Resilience (materials science)

For other uses, see Resilience (disambiguation).
The area under the linear portion of a stress-strain curve is the resilience of the material

In material science, resilience is the ability of a material to absorb energy when it is deformed elastically, and release that energy upon unloading. Proof resilience is defined as the maximum energy that can be absorbed up to the elastic limit, without creating a permanent distortion. The modulus of resilience is defined as the maximum energy that can be absorbed per unit volume without creating a permanent distortion. It can be calculated by integrating the stress-strain curve from zero to the elastic limit. In uniaxial tension,

where Ur is the modulus of resilience, σy is the yield strength, εy is the yield strain, and E is the Young's modulus.[1]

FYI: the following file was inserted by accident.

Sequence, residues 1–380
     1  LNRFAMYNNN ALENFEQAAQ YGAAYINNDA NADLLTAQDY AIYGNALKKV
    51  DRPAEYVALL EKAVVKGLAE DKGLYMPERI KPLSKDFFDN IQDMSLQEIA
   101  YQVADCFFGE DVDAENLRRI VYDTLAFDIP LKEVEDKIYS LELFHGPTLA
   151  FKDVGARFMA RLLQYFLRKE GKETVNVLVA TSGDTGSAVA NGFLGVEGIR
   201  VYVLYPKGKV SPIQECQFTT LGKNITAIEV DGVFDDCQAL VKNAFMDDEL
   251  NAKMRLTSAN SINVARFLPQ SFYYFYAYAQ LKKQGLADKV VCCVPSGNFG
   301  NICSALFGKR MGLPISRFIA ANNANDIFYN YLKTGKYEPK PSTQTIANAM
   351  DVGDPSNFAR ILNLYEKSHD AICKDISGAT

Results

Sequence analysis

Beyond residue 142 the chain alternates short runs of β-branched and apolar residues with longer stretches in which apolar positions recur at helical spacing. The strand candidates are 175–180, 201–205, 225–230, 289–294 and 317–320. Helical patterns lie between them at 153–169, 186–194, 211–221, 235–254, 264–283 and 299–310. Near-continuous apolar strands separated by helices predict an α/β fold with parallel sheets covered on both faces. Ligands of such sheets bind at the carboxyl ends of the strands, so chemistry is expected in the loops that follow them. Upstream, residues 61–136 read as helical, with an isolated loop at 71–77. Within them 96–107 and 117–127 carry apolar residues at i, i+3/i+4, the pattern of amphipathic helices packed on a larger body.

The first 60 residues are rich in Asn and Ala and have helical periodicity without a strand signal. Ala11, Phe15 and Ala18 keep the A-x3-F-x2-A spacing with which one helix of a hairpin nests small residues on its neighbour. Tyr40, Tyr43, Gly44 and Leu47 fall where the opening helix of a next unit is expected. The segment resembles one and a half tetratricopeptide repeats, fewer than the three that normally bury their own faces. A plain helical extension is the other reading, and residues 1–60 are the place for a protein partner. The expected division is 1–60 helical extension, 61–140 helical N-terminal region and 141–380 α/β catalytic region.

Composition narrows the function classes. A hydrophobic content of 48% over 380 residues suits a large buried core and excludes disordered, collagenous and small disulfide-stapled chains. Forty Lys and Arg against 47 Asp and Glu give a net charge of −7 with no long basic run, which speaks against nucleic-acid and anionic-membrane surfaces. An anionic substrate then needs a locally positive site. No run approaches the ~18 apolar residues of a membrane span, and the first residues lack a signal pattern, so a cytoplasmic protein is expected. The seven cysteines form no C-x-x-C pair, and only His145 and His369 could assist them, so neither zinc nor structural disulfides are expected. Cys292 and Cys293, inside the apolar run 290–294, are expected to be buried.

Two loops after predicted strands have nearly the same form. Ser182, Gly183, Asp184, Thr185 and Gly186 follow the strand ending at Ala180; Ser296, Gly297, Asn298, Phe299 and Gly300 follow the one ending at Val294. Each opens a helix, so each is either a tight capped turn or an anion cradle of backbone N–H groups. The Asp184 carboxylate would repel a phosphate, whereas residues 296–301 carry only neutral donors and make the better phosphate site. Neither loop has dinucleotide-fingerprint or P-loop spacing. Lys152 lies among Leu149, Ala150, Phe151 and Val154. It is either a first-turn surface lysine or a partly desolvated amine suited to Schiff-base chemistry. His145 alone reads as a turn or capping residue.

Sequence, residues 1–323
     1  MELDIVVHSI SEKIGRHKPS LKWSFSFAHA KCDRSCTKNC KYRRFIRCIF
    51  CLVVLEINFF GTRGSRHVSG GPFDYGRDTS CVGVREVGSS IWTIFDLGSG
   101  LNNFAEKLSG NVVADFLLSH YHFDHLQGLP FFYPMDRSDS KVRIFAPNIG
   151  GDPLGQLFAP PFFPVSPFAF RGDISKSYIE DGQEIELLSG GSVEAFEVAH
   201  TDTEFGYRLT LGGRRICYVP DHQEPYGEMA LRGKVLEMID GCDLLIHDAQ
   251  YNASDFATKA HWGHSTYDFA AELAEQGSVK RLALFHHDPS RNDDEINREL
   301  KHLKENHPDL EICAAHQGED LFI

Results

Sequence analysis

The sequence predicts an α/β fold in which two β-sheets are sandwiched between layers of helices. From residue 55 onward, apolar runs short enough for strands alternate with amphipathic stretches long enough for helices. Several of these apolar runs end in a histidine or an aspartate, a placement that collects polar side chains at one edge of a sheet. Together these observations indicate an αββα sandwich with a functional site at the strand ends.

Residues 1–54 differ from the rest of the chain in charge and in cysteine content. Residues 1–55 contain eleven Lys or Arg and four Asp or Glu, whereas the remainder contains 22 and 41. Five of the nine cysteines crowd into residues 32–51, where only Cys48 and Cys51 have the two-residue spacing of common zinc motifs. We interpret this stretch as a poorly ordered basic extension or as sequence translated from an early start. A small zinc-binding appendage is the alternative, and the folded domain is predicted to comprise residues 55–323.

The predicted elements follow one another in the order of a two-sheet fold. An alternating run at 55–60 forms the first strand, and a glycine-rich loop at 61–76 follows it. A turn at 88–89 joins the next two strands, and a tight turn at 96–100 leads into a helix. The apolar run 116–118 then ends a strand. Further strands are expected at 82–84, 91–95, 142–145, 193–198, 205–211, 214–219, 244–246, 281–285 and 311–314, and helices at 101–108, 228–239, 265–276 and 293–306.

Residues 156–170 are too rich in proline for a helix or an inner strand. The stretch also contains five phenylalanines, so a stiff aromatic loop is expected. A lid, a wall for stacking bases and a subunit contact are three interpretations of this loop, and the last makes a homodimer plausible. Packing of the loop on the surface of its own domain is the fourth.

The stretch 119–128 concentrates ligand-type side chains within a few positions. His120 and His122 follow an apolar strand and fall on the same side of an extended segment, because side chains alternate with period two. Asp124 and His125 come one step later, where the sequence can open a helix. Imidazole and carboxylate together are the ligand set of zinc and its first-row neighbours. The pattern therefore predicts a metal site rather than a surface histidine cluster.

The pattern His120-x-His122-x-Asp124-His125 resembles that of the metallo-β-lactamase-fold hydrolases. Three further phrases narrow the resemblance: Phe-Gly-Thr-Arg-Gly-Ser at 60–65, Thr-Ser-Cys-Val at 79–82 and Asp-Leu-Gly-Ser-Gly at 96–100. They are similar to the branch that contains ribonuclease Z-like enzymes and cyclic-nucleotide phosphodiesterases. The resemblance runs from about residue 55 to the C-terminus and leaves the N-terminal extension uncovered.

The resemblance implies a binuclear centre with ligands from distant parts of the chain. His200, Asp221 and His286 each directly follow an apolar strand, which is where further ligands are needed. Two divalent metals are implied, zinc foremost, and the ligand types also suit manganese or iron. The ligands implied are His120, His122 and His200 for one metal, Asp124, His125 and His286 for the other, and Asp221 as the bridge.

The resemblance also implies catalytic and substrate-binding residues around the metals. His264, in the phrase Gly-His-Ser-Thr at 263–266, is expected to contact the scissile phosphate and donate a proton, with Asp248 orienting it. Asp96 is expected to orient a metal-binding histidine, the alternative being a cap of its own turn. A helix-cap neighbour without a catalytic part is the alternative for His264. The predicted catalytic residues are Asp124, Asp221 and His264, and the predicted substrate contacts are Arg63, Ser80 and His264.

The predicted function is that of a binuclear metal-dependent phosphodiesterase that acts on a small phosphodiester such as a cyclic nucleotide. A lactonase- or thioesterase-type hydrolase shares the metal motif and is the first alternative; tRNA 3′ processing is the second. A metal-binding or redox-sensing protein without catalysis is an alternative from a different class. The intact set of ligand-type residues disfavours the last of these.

Unit of resilience

Resilience (Ur) is measured in a unit of joule per cubic meter (J·m−3) in the SI system, i.e. elastical deformation energy per surface of test specimen (merely for gage-length part).

Like the unit of tensile toughness (UT), the unit of resilience can be easily calculated by using area underneath the stress–strain (σε) curve, which gives resilience value, as given below:[2]

Ur = Area underneath the stress–strain (σε) curve = 1/2' 'xσ x ε

Ur = MPa × % = (N·m−2·106)·(m·m−1·10−2)

Ur = N·m·m−3·104

Ur = J·m−3·104


  1. Campbell, Flake C. (2008). Elements of Metallurgy and Engineering Alloys. ASM International. p. 206. ISBN 9780871708670.
  2. O.Balkan and H.Demirer (2010). "Polym. Compos.". 31: 1285. ISSN 1548-0569.
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